A Long Haul
The city of Oxnard (population 186,000) has a whole lot of power plants. Now there are plans to build another. Energy consultants argue that California has more than enough power. So why build another?
Environmental justice groups like CAUSE have carefully reminded the public about the stakes when one less economically advantaged city takes up the power burden. Oxnard posses a place called Ormond Beach, home to Halaco, a superfund site, and an obsolete power plant that sits on otherwise gorgeous beach. This is more than just an environmental and social justice cause. It should be cause for concern for every fiscal conservative and nearby property owner as well.
Californians are paying billions for power they don’t need
I am a relative newbie to this issue. I attended my first Oxnard power plant meeting in 2012. A lively group has There been fighting this issue for much longer. It’s been framed as a conservative versus environmentally left issue. If you pay attention to energy policy, the most fiscally conservative strategy is to not build more power plants in California. In fact California is shutting down plants.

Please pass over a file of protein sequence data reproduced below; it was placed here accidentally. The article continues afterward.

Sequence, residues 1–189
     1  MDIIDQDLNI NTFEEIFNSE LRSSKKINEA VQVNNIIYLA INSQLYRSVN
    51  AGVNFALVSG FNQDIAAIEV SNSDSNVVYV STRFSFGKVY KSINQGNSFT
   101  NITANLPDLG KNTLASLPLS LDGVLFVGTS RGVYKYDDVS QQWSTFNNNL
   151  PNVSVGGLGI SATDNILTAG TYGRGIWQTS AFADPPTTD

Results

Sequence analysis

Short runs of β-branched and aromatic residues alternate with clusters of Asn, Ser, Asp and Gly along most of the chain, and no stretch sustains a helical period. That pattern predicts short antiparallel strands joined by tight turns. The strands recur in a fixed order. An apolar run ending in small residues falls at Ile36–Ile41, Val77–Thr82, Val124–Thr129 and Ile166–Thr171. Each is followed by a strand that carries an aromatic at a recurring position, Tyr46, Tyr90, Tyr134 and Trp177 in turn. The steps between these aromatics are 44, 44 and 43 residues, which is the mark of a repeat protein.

The Los Angeles Times published “Californians are paying billions for power they don’t need,” an excellent article about Californians paying billions for power they don’t need.
Here is an excerpt:
We’re using less electricity. Some power plants have even shut down. So why do state officials keep approving new ones?
Although California uses 2.6% less electricity annually from the power grid now than in 2008, residential and business customers together pay $6.8 billion more for power than they did then. The added cost to customers will total many billions of dollars over the next two decades, because regulators have approved higher rates for years to come so utilities can recoup the expense of building and maintaining the new plants, transmission lines and related equipment, even if their power isn’t needed.
Read the article here